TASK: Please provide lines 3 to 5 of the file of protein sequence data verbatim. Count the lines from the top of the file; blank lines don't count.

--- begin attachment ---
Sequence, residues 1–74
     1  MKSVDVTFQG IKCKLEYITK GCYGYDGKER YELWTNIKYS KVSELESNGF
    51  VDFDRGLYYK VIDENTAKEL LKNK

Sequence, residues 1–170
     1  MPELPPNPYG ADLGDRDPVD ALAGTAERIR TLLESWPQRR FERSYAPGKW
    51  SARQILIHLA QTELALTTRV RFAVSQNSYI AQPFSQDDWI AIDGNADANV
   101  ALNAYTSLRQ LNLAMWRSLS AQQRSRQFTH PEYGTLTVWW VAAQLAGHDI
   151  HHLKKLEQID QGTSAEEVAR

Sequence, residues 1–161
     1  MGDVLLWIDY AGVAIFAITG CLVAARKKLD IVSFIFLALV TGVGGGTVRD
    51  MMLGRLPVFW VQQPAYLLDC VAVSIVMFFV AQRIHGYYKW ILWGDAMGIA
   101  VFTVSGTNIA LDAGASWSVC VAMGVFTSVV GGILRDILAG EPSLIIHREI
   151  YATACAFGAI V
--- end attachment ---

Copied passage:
    51  VDFDRGLYYK VIDENTAKEL LKNK

Sequence, residues 1–170
     1  MPELPPNPYG ADLGDRDPVD ALAGTAERIR TLLESWPQRR FERSYAPGKW